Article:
Writer Dorothy Wall reviews a new book by New York Times writer Melanie Thernstrom, The Pain Chronicles: Cures, Myths, Mysteries, Prayers, Diaries, Brain Scans, Healing, and the Science of Suffering. Wall, the author of the highly acclaimed Encounters with the Invisible: Unseen Illness, Controversy, and Chronic Fatigue Syndrome, writes that Thernstrom's book has "double-relevance" to those with CFS and other neuroendocrineimmune conditions and offers her opinion that the book will, "comfort and inform those who suffer pain, and encourage compassion in those who don't."
News & Notes
Internist Dr. Morris Papernik will address conditions that frequently co-exist with CFS in our next webinar, "Comorbid Conditions: The Alphabet Soup of CFS," on Oct. 21 at 12:00 PM (Eastern). This will be the 16th program in our 2010 Webinar Series, with a few more high-interest topics still to come this year. Check out the schedule through year-end and recordings of past programs.
The New Jersey CFS Association (NJCFSA) will host its annual fall conference on Sunday, Oct. 17 in Eatontown. CME credits are available to health care professionals through Monmouth Medical Center.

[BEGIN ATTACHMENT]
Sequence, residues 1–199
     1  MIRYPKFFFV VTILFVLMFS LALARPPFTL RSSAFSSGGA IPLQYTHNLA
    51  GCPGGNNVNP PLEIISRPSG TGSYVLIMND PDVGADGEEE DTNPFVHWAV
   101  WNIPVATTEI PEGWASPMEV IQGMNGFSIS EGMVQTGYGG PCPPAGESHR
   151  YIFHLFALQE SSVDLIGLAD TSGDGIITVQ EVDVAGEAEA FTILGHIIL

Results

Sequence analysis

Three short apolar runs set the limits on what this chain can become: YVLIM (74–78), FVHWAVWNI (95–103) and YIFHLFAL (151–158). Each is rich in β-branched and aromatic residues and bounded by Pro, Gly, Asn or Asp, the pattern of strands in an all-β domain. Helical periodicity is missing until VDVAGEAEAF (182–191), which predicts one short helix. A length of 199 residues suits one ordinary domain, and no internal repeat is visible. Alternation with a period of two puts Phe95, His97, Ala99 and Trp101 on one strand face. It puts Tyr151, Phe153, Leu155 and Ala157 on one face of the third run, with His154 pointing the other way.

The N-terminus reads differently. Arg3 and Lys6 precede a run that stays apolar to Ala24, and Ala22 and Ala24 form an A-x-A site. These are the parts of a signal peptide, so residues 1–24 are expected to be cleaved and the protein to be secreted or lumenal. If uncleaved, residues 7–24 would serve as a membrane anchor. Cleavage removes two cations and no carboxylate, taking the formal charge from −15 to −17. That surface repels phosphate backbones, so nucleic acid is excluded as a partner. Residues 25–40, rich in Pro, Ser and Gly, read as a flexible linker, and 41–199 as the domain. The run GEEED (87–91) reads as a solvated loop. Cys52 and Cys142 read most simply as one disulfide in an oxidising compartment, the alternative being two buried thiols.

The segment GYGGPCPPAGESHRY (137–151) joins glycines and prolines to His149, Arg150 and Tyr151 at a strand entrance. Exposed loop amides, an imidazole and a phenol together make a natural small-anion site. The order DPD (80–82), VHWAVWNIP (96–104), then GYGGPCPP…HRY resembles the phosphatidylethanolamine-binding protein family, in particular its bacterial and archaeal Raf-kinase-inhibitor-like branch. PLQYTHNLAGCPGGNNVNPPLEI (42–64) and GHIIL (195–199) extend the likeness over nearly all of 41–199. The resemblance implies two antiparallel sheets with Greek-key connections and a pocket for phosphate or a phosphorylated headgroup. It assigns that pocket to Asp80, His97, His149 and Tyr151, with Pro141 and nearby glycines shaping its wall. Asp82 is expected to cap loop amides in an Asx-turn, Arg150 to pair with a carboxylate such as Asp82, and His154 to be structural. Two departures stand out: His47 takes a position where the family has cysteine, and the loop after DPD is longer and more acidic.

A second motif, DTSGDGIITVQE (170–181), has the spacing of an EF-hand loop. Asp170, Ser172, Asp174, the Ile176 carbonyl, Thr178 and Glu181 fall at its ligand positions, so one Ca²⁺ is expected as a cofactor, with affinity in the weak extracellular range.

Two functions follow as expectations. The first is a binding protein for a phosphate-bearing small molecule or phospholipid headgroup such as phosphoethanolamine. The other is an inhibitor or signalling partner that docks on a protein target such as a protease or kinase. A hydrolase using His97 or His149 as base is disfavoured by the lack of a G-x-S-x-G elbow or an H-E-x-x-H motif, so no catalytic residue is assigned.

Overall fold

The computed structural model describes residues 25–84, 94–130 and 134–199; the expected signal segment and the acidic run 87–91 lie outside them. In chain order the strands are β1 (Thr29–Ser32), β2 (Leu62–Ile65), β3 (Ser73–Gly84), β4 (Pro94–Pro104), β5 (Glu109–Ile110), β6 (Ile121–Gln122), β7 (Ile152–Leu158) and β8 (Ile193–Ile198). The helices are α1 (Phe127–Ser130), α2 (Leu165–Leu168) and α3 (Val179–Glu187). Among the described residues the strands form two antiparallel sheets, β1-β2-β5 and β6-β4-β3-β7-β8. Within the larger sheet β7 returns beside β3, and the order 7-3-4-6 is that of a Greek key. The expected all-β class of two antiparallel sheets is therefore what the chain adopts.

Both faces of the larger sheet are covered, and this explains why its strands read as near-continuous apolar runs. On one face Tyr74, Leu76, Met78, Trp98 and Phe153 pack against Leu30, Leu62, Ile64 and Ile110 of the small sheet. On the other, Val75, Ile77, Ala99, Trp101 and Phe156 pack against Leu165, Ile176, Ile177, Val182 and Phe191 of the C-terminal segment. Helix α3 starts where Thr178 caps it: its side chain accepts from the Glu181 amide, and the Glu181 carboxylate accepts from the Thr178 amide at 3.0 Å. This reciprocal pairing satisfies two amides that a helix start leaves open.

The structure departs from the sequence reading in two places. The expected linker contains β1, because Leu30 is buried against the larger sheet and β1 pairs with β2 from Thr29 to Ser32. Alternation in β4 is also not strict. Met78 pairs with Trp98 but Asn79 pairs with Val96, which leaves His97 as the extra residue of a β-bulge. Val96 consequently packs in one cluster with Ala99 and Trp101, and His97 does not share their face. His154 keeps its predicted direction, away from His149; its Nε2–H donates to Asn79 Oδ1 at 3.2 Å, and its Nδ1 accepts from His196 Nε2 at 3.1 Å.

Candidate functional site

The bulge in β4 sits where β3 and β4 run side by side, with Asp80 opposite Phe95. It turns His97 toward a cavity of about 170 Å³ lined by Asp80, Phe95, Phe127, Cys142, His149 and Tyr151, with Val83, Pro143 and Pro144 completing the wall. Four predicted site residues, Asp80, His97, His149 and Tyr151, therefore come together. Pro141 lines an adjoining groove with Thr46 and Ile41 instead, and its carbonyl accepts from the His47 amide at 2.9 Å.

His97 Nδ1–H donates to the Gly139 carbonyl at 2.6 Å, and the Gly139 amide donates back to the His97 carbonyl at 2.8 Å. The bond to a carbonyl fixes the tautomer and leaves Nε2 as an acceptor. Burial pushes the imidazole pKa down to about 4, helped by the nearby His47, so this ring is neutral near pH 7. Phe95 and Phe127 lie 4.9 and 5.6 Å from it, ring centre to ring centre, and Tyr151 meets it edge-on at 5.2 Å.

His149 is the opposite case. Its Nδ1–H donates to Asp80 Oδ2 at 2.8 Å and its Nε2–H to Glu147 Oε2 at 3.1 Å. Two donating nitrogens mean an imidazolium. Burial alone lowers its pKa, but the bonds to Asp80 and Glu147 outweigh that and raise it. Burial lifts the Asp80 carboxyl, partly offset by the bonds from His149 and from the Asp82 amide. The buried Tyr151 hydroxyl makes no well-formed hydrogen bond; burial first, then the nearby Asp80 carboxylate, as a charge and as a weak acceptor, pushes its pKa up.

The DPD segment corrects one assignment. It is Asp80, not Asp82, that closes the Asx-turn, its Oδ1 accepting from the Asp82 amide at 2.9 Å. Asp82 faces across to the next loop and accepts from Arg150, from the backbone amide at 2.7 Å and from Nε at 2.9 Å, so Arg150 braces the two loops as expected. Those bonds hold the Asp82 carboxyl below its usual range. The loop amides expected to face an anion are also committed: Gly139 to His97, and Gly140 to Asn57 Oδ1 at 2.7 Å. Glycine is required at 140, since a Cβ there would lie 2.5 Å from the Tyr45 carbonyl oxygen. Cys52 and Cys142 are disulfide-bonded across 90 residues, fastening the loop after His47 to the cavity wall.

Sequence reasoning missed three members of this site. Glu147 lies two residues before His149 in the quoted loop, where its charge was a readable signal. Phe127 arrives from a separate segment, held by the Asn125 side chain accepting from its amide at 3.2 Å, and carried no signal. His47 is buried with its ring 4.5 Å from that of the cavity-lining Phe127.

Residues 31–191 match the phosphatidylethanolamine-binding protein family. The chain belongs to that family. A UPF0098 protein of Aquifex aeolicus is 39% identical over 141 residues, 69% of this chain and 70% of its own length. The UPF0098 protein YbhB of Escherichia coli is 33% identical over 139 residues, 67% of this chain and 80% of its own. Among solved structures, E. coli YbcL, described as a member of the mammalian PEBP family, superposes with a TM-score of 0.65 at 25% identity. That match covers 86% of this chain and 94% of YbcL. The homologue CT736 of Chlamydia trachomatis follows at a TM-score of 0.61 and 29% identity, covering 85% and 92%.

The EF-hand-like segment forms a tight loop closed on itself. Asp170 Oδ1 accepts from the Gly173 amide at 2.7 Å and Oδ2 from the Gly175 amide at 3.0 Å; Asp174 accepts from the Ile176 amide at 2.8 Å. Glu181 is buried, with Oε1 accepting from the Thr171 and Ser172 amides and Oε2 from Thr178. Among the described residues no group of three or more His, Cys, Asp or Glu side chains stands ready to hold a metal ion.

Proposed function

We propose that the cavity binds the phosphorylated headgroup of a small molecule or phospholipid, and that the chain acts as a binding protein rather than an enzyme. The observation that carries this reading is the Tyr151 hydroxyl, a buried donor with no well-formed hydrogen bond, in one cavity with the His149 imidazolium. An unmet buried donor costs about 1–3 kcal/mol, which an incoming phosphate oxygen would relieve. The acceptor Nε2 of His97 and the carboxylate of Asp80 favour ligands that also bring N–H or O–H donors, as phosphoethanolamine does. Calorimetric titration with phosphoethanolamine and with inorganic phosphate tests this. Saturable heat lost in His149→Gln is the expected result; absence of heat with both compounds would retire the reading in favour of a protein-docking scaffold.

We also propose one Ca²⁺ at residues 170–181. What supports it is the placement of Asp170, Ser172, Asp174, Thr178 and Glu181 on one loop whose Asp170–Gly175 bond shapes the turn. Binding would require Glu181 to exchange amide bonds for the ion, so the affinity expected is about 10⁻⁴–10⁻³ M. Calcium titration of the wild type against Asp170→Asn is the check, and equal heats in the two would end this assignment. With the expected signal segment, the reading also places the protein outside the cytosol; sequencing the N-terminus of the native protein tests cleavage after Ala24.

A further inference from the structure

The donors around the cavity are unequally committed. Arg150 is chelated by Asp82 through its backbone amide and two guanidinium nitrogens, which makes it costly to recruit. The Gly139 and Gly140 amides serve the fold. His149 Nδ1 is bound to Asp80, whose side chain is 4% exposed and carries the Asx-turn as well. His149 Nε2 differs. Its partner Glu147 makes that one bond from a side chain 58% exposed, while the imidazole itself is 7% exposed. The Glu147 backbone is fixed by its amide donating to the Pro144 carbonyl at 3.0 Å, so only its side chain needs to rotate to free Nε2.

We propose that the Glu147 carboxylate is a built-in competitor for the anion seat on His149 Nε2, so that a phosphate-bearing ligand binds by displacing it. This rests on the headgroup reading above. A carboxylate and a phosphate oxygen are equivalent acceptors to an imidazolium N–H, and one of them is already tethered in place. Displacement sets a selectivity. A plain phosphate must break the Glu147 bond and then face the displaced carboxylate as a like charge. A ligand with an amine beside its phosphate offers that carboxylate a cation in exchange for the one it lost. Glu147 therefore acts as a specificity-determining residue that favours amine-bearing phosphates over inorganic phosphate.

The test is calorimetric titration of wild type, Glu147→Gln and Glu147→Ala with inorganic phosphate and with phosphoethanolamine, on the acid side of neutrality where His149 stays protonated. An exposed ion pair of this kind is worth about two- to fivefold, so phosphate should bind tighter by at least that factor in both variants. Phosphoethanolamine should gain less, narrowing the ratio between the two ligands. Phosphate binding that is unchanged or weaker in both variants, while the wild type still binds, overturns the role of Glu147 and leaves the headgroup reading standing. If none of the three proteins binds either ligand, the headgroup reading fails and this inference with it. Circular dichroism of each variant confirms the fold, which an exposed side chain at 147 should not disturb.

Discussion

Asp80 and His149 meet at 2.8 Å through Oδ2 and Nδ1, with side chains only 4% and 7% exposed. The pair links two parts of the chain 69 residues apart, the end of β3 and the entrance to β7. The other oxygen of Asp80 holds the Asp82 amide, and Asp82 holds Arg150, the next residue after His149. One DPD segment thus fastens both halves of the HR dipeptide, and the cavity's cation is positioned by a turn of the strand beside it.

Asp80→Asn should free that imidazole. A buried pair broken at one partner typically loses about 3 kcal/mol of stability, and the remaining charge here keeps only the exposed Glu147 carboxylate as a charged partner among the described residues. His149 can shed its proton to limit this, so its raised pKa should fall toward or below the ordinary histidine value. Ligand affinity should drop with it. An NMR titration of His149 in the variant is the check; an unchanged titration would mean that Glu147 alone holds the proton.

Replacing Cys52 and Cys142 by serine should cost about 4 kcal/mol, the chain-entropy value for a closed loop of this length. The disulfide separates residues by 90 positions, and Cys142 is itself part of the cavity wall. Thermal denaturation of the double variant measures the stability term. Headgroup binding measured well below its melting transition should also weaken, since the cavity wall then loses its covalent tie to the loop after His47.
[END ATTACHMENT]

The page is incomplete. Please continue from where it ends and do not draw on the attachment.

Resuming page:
The Wisconsin ME/CFS Association will host its fall seminar on Oct. 23 in Madison.
The UCLA AIDS Institute will host a one-hour presentation by Judy Mikovits, PhD, on Oct. 8 titled, "MLV related viruses in neuroimmune disease and cancer: Is XMRV or PMRV the pathogenic variant or does it take two to tango?"
On May 19, the CFIDS Association and other members of the Overlapping Conditions Alliance launched the Campaign to End Chronic Pain in Women with a well-attended briefing in the U.S. Capitol building hosted by the Congressional Women's Caucus. Members of the U.S. House of Representatives Energy and Commerce Committee that handles the authorization of health agency programs have expressed interest in holding a hearing on chronic painful conditions. Add your voice to others who would like to see more research and medical attention brought to disorders that collectively affect more than 50 million Americans.
Our summary of the 1st International XMRV Workshop was recognized by the popular podcast "This Week in Virology" as a Weekly Science Pick.